- A petulant teenager who runs away, changes her body to conform to desirable standards for a man and then needs to be rescued by her dad and the man.
- A girl who doesn’t identify with the body she was born with and after some internal conflict, allows it to be modified under some shady circumstances but there are consequences that she overcomes in partnership with the man she loves and her previously disapproving father.
- An adventurer who is so infatuated with another society that she obsesses over it and falls in love with the first person from that society she encounters which leads to her decision to alter herself under some shady circumstances to be with him and be part of that society, the consequences of which include the shady alterer enslaving her father and going after her and her man who they partner up against and defeat.
- A selfish teenager leaves her family to follow ridiculous dreams of joining a society that wouldn’t accept her true self, she agrees to basically sell her soul in order to be changed and accepted, and once payment is due, her love, her father and her entire society are put in danger, but evil is eventually beaten anyway.
For those of you not familiar with this story, it’s The Little Mermaid as told by Disney.
I find that when watching most movies, people tend to let internal bias control their perspective. They see in the movie what they expected to see, whether it is positive or negative. I think that’s how two people can watch the exact same movie and have violently different reactions to the characters, and it’s not just when we watch Disney. It’s no better with the classics. Let’s use The Great Gatsby as another example. For me, it is one of the worst stories. I hated the way that Daisy was so undeserving of Gatsby and how everyone seemed to use him except Nick, the narrator. My interpretation isn’t the only one, though. Many people love that story, so many love that story that it continues to be remade into new movies. On the other hand, I look at Ariel and I see a brave and adventerous, though misguided, character where a lot of people just see an annoying damsel in distress.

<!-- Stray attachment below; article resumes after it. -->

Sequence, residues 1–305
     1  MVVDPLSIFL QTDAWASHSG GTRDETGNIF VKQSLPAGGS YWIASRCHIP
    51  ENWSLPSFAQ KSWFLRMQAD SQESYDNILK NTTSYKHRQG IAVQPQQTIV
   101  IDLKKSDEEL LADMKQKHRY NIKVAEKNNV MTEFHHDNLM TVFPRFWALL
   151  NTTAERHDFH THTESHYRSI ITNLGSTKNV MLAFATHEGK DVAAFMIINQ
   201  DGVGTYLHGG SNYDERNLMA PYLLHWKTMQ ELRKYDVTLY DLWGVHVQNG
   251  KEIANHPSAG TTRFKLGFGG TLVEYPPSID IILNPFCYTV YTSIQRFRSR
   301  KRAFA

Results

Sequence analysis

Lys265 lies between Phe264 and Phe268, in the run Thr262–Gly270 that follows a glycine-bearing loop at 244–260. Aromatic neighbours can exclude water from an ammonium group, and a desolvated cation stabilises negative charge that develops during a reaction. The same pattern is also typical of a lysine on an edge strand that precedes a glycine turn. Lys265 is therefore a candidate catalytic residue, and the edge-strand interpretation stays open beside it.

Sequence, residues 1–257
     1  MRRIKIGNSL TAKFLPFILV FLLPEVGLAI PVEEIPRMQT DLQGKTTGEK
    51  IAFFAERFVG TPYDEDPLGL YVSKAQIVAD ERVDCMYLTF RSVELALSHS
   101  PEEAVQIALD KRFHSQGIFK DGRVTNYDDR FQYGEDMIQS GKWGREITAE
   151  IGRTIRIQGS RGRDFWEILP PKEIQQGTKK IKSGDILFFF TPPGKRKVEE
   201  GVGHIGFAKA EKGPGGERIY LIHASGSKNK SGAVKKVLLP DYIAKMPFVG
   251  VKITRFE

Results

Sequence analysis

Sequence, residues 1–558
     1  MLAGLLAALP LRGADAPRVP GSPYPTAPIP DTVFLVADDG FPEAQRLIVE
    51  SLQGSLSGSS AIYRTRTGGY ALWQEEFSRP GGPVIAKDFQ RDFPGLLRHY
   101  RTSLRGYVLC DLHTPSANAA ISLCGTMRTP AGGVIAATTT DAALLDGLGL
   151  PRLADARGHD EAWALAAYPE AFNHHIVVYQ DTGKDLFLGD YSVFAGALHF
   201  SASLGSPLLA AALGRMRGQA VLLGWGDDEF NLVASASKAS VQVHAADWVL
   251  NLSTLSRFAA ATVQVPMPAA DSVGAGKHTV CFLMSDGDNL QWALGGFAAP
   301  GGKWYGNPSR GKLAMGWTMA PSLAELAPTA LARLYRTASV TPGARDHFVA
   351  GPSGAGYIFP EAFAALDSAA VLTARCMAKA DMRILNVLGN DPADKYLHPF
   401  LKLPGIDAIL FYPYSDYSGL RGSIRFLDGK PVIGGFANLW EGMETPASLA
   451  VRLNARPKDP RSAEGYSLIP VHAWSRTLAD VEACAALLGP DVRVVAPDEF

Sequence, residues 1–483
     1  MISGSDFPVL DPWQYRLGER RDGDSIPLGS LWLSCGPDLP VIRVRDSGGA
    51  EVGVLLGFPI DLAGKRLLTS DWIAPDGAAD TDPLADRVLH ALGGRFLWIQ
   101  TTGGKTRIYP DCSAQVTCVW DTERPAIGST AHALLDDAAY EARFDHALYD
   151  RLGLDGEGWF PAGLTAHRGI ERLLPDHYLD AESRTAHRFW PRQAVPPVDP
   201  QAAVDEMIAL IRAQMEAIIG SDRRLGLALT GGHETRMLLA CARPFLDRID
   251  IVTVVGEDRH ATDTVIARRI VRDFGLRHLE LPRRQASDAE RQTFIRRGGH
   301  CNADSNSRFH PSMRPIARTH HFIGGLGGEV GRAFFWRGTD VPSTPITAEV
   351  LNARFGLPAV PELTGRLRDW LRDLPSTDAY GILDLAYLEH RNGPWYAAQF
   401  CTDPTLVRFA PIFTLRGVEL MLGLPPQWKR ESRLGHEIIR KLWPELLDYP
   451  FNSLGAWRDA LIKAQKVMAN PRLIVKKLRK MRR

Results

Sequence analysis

Our own biases and negative expectations of the world around us can be reinforced when we don’t go back and try to find the thing we weren’t looking for the first time. Yes, I can find the damsel in distress in my favorite kid’s movie, but can you find the heroine? Every story can be turned in several directions. It’s time to start looking at media as people who just tell the story and try harder to remove our biases from their stories.
While personal bias about movies and media can be relatively mundane in themselves, they are not the only biases that we harbor. I use these examples that are less accusational because it is important to look at ourselves honestly and discover our own biases in a way that is open and meaningful.
Telling innocent men that they are rapists doesn’t help them discourage or want to work through whatever other biases or full prejudices they may harbor against women, or other communities. Likewise, calling a moderate female feminist, like myself, that we are all feminazis doesn’t make me want to listen to whatever other points you make either.
(For the record, no one has called me a feminazi yet, but I have seen it happen to others and find it worrisome)